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Kim North: Let’s move away from ‘jobs for the boys’

Kim NorthLast week, the excellent Money Marketing Interactive Harrogate event took place, where I was fortunate enough to be part of the panel on diversity in advice.

Last week also saw the 10th anniversary of the Lehman Brothers’ collapse. “If it had been Lehman Sisters rather than Lehman Brothers, the world might look a lot different today,” repeated International Monetary Fund head Christine Lagarde.

She can say this with confidence, as IMF research shows a higher proportion of women on the boards of banks and financial supervision agencies is associated with greater stability.

UK financial services companies would benefit from more stability if there was more gender neutrality and more senior females. Today, approximately 13 per cent of financial advisers, 10 per cent of lead fund managers and 19 per cent of pension scheme trustees are female.

Across the UK economy, construction and financial and insurance services have the worst gender pay gaps. One can appreciate that men are generally physically stronger than women and more suited to digging ditches, but what about advising on or managing money?

I would say women are actually better than men at this because of the female brain. Why? Well, scientists have discovered approximately 100 gender differences between the male and female brain.

Understanding differences from a neurological perspective results in greater appreciation of the different genders. What is more, management consultants McKinsey has found that gender-diverse companies are 15 per cent more likely to outperform.

From an advice perspective, women’s heightened emotions and empathy results in them taking a longer time to commit to a financial decision.

Profile: Magenta Financial Planning boss on encouraging more women to become advisers

A woman will often have a lower risk outlook and show more interest in ethical investments than a man, who, due to his testosterone, will take more risks and be more keen to move on to his next task.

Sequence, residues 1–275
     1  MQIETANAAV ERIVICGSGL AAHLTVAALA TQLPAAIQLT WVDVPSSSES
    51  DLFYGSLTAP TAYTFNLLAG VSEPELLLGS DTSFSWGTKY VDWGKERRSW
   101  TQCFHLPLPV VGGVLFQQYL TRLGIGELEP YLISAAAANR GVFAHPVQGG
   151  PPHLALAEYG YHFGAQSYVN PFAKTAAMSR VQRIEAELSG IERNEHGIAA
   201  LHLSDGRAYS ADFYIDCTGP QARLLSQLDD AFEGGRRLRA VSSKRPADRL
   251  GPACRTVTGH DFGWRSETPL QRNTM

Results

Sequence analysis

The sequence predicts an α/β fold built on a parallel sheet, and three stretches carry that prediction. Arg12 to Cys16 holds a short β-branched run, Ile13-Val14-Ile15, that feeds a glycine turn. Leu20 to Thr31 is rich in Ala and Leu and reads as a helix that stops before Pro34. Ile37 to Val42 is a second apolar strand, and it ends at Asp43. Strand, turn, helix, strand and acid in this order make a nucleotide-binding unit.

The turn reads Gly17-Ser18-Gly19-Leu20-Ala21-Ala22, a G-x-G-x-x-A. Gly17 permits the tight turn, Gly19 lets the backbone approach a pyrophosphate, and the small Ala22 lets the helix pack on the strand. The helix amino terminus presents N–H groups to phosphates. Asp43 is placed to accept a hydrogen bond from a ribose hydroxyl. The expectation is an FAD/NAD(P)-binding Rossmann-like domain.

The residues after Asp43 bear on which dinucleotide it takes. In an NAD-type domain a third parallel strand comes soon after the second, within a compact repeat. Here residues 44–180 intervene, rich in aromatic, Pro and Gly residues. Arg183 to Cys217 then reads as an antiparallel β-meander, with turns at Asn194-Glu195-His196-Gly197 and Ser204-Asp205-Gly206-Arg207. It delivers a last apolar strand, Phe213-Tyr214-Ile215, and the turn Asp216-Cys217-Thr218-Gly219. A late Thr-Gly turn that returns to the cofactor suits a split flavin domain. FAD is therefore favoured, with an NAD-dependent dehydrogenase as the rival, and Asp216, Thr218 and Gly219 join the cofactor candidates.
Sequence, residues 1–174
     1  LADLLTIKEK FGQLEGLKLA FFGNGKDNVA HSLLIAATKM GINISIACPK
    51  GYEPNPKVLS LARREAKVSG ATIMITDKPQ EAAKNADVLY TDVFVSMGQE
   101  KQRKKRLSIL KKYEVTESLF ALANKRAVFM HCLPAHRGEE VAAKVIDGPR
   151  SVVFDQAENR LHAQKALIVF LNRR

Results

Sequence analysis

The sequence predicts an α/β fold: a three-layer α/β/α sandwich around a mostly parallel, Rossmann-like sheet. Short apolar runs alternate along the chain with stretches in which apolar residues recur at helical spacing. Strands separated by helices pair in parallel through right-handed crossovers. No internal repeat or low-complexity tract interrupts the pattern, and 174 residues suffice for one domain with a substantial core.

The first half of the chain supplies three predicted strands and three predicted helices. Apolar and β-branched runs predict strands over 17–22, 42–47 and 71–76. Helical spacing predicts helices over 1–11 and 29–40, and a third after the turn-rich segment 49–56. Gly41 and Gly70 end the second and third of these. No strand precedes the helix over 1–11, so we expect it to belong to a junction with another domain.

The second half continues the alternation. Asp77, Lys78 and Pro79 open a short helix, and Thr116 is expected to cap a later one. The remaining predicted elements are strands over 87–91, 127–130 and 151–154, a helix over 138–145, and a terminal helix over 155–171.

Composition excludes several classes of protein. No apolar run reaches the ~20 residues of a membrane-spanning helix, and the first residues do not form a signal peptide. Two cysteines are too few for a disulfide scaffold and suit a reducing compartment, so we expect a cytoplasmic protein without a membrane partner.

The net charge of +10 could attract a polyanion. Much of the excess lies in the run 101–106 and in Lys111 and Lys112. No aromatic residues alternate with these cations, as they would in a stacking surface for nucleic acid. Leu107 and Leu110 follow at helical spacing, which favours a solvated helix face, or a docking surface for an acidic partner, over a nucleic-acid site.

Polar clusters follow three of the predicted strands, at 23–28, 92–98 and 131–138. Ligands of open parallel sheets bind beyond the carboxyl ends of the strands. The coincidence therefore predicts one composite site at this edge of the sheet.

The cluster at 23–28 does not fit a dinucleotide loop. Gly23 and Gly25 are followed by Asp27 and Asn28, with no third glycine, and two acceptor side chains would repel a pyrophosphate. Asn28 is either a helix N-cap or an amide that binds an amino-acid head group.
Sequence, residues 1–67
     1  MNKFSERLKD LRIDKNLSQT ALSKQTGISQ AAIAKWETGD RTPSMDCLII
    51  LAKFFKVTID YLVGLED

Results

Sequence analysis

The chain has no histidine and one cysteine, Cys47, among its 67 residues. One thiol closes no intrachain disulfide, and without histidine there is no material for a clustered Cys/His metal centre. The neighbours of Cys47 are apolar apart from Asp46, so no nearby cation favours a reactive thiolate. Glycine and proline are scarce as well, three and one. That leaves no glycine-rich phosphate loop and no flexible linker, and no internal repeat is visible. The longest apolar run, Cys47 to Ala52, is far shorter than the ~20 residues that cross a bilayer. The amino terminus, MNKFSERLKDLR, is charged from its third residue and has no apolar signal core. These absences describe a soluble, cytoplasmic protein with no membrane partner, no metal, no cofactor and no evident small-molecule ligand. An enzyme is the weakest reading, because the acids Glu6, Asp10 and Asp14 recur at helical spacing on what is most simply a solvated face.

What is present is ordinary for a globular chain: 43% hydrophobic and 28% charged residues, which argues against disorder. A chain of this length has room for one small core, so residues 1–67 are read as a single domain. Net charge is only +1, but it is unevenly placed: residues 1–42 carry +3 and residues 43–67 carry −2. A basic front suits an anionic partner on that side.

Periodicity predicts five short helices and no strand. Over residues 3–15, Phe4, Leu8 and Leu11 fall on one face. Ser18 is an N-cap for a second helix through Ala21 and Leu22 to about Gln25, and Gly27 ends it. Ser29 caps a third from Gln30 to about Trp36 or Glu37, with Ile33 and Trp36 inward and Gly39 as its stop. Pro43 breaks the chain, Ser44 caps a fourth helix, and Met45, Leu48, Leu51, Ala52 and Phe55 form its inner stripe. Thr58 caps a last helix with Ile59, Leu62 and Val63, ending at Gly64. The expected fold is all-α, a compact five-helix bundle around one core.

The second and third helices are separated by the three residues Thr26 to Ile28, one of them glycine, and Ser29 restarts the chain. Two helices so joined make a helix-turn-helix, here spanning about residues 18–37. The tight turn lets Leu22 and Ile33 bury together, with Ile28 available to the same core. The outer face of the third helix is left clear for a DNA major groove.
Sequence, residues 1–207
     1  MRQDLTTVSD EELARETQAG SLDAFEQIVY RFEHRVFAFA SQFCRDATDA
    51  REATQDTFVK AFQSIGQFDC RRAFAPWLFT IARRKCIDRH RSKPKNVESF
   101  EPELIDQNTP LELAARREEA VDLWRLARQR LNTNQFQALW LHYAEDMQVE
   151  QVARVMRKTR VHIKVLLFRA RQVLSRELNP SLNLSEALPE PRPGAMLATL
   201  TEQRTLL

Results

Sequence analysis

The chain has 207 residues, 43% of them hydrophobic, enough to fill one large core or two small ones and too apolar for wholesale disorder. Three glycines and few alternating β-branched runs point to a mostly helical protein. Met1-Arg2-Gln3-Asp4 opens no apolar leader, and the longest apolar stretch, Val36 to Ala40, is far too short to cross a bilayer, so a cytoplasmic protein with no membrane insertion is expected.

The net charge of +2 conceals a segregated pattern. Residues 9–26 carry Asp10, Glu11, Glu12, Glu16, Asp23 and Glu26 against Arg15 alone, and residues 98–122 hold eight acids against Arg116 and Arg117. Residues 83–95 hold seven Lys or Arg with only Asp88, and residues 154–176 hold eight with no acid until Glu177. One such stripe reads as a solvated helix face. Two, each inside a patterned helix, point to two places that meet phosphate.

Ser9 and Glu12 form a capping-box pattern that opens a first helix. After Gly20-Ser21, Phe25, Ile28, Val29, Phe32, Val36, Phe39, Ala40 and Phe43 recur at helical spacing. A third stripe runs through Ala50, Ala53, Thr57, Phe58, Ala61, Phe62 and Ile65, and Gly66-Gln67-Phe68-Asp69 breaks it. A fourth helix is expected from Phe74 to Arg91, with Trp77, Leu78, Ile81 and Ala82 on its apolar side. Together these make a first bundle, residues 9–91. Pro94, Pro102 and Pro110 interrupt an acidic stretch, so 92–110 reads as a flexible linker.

Female clients need more time to understand a purchase fully but it is worth taking the time, as women are seven times more likely to refer a professional service than males.

As for managing money, research from Morningstar shows an investor who picks a fund based solely on the manager’s gender could see better results with all-female teams in both the equity and fixed income spaces.

But despite this, I am seeing too many female city-based friends of mine losing their jobs due to Brexit leading companies to relocate operations. I fear this shedding of staff (which has been estimated to be as high as 800,000) will result in “jobs for the boys” and business owners recruiting based on a “people like us” mentality.

We have a long way to go to reach gender neutrality in financial services, but a good next step would be to ensure the industry communicates with women in a way that resonates with their different brain types. As it stands, the majority of product and service providers are failing in this.

Kim North is managing director at Technology & Technical


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There are 6 comments at the moment, we would love to hear your opinion too.

  1. Absolutely Kim we need to move from tick box to considering how we interact with all types of clients one size does’nt fit all

  2. Interesting that you quote Christine Lagarde, Kim. In December 2016 the IMF head was found guilty of criminal charges over a massive government payout. However, the
    former French finance minister, who faced potentially one year in jail, did not actually suffer any punishment. (Jobs for the boys / passes for the girls?) It would seem therefore that the propensity for wrongdoing isn’t entirely dictated by the contents of one’s pants. Maybe we can get away from gender stereotyping completely, i.e. including the current fashion for the demonisation of men as supposedly constituting an evil patriarchy? (I currently employ an all-female staff by the way.)

  3. If a man said that women had “heightened emotions” his balls would be in a mincer by teatime.

  4. As did I, Neil.

    I do find this form of generalisation tiresome and see no need to stereotype gender in this way. Will excessive oestrogen cause me to replace my tennis rackets at a faster rate? Sorry, I`ll get back to digging my ditch ……….

  5. “But despite this, I am seeing too many female city-based friends of mine losing their jobs due to Brexit leading companies to relocate operations. I fear this shedding of staff (which has been estimated to be as high as 800,000) will result in “jobs for the boys” and business owners recruiting based on a “people like us” mentality.”

    I understand the main piece, but am really struggling to reconcile the movement of jobs due to Brexit with using it as an opportunity to re-employ men and not women – how have you concluded that would happen?

  6. […] Two reports over the summer held both good and bad news for women in finance. In July, it was revealed the numbers of women holding senior boardroom jobs had fallen. In August, however, we found increasing numbers of women have been qualifying as financial advisers. Overall, however, the figures are startlingly low: approximately 13% of financial advisers, 10 %of lead fund managers are women, according to a recent panel on diversity in financial advice. […]

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